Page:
If you’re the type of person who would consider reading Chris Smith’s new oral history of The Daily Show, it’s safe to say you’re also the type of person who has experienced some form of grief over the election of Donald J. Trump as the 45th president of the United States. Perhaps you’ve gone to protest at a large public venue to chant something like “Hands too small! Can’t build a wall!” (Anger). Or paid a science-denying conspiracist some portion of your salary to initiate a pointless recount (Denial). Or petitioned Electoral College voters in states where you don’t live to ask them to reject the will of voters who do live in that state and overturn the results of a national election (Bargaining). Or it could mean contemplating the legacy of the current president of the United States—whom our incoming president, through his espousal of a vile and racist conspiracy theory, spent years vilifying as an illegal usurper—and tearing up (Depression).
Depending on where you are in that cycle, reading Smith’s playful, occasionally riotous, consistently nostalgia-inducing, and sometimes long-winded Kremlinology of The Daily Show’s two decades on the air might feel like a punch to the gut. The recounting of the show’s internal behind-the-scenes personnel squabbling, how the program itself was technically made, how its editorial processes evolved, and how the staff and correspondents viewed their place in the cultural landscape at large may feel slight, self-aggrandizing, and even petty. But if you are someone who has come to accept the fact that a guy who brags about sexual assault and has promised to appoint Supreme Court justices who will overturn Roe v. Wade will be sitting in the Oval Office in a matter of weeks, then reading Jon Stewart, the show’s staff, and its correspondents describe how they devised their approach to satirizing one of the worst presidencies in history might be downright inspirational.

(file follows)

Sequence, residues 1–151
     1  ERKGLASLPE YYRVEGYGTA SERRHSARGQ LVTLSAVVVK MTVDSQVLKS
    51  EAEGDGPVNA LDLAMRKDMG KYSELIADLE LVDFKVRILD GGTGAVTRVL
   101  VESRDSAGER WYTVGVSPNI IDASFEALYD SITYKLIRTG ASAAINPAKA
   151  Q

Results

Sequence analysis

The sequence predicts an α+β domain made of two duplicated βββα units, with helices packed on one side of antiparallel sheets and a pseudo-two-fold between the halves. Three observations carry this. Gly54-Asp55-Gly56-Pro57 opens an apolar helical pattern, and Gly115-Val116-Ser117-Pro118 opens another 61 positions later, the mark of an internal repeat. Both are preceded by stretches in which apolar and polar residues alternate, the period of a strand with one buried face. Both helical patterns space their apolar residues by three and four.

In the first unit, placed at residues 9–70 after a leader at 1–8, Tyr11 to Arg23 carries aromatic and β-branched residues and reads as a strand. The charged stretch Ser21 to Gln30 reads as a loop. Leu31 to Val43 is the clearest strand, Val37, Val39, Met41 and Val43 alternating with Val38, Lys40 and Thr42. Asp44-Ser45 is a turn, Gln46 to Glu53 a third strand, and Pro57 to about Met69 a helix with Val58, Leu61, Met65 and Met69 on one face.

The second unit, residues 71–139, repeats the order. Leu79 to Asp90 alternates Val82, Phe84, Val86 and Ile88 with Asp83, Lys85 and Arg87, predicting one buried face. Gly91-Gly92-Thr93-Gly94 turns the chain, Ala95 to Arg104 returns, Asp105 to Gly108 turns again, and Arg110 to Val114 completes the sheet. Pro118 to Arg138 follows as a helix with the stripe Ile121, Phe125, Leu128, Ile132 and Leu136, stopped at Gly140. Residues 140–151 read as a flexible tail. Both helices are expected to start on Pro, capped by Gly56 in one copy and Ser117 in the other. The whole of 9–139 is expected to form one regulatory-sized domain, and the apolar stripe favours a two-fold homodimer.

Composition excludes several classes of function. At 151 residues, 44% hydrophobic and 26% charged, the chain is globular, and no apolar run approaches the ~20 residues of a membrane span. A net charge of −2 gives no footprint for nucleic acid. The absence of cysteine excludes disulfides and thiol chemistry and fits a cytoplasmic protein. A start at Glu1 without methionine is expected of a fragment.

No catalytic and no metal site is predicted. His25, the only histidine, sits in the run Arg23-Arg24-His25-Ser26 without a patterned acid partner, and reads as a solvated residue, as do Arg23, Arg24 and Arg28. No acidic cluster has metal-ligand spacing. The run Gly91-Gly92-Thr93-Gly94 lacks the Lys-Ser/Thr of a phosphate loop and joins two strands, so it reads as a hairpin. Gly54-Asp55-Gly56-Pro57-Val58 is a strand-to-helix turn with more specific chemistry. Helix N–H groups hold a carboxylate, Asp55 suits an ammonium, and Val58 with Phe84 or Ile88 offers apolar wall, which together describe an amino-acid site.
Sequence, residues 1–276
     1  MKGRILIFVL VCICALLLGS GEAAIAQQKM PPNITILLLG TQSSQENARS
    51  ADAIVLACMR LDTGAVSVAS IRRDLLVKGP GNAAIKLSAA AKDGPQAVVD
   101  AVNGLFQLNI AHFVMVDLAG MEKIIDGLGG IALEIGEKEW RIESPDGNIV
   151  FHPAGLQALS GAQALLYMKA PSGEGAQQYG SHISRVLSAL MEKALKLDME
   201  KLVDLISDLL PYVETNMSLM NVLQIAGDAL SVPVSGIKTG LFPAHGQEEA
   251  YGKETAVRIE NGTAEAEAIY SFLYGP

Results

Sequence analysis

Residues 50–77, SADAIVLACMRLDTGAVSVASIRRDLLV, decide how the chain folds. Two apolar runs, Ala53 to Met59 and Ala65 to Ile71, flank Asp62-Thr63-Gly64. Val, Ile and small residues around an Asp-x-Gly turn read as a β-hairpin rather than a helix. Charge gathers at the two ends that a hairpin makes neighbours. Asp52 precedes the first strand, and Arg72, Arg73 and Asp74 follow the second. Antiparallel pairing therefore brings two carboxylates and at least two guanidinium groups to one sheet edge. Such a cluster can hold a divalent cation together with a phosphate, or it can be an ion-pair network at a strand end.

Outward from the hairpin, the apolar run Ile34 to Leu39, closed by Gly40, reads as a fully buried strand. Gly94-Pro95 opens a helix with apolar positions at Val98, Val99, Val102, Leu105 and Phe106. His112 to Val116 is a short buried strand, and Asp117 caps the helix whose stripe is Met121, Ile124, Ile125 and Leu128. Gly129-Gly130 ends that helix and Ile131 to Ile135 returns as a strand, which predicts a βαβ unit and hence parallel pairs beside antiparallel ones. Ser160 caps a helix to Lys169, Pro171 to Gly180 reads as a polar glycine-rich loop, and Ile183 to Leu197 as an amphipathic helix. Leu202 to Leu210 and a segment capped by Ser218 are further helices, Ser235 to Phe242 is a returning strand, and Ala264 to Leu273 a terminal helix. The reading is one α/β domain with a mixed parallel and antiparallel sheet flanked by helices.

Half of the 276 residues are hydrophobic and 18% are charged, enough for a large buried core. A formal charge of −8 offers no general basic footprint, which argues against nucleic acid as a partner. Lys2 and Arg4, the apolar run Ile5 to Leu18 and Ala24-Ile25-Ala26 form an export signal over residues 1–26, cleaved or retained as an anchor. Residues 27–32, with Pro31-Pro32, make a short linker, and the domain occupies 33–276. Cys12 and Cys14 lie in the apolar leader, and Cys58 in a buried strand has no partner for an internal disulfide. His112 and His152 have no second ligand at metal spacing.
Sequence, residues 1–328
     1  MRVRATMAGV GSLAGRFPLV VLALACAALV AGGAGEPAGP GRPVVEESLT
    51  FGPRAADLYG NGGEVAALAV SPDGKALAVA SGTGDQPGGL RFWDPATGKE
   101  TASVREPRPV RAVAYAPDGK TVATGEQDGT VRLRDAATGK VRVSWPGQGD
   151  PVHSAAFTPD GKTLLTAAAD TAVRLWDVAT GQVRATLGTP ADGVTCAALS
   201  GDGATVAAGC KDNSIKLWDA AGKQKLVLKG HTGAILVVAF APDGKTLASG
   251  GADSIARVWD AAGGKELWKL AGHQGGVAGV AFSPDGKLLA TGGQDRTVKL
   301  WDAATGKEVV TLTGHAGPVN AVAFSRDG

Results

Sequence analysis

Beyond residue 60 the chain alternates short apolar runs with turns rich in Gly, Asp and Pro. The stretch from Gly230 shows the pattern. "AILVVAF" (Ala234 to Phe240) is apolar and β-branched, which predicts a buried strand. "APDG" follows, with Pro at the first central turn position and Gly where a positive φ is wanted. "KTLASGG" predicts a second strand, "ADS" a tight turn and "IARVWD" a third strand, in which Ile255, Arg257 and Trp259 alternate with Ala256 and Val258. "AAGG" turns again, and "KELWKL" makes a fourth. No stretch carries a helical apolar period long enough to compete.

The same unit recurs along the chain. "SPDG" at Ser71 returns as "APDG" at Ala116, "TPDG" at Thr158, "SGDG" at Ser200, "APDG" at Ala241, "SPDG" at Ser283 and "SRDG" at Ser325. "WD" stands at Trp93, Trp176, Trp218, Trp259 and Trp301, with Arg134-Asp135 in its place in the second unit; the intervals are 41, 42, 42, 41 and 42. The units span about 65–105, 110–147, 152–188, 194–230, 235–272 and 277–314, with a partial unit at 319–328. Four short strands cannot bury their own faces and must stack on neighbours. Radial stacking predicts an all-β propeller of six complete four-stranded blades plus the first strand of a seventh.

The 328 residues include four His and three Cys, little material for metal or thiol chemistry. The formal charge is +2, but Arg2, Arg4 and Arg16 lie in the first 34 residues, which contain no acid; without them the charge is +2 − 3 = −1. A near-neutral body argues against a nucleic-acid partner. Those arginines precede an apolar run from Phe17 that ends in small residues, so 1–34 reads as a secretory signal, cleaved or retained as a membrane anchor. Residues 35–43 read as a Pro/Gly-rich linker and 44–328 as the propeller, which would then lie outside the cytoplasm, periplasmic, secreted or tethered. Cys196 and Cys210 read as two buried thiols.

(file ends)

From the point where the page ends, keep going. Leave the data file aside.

The Daily Show (The Book) was written before the election results were known, of course. While there are moments when it appears to lean into the idea that Trump would be our next president—an interview with Glenn Beck in which he basically predicts a tyrannical Trump presidency stands out in this regard—big chunks of the early sections come off as tone-deaf to the new reality that this book was not yet aware we’d be living in. For example, Jon Stewart opens with a description of his “suffocating” life in Los Angeles prior to taking the Daily Show gig. This involved feeling too much like he needed to impress the famous people in attendance at Garry Shandling’s mansion pickup basketball games or that his table received excessive fan attention when he was hanging out with Sean Penn and Warren Beatty at the Chateau Marmont. If you’ve been thinking a lot about the GOP’s economic policies’ destructive impact on the lives of the nation’s most vulnerable, this beginning of this book doesn’t read so hot. Nor does hearing Stewart walk through how he brought the writing staff of his predecessor, Craig Kilborn, to heel at the beginning of his run in the host’s chair (“I basically told them to fuck off,” Stewart describes).
Once you’re closer to the acceptance phase, though, it becomes a lot easier to appreciate this book for what it offers: some of the funniest people in the world telling stories about their job, which happened to be deflating the exact sort of bullshit we are about to be totally awash in.
The book’s most fun moments involve backstage insight into the personalities of the show’s most beloved and high-profile characters. One early such anecdote comes from Daily Show and Colbert Report writer Eric Drysdale, who describes Stephen Colbert as the show’s merry prankster:
Colbert would sit in the lounge with a bunch of writers around him and call the Dianetics hotline. And he’s so good at remembering key words that he can pretend he knows what he’s talking about, about Scientology for minutes and minutes and minutes. And he would have these very entertaining, very in-depth conversations with people about his norms and his, whatever it is, thetans.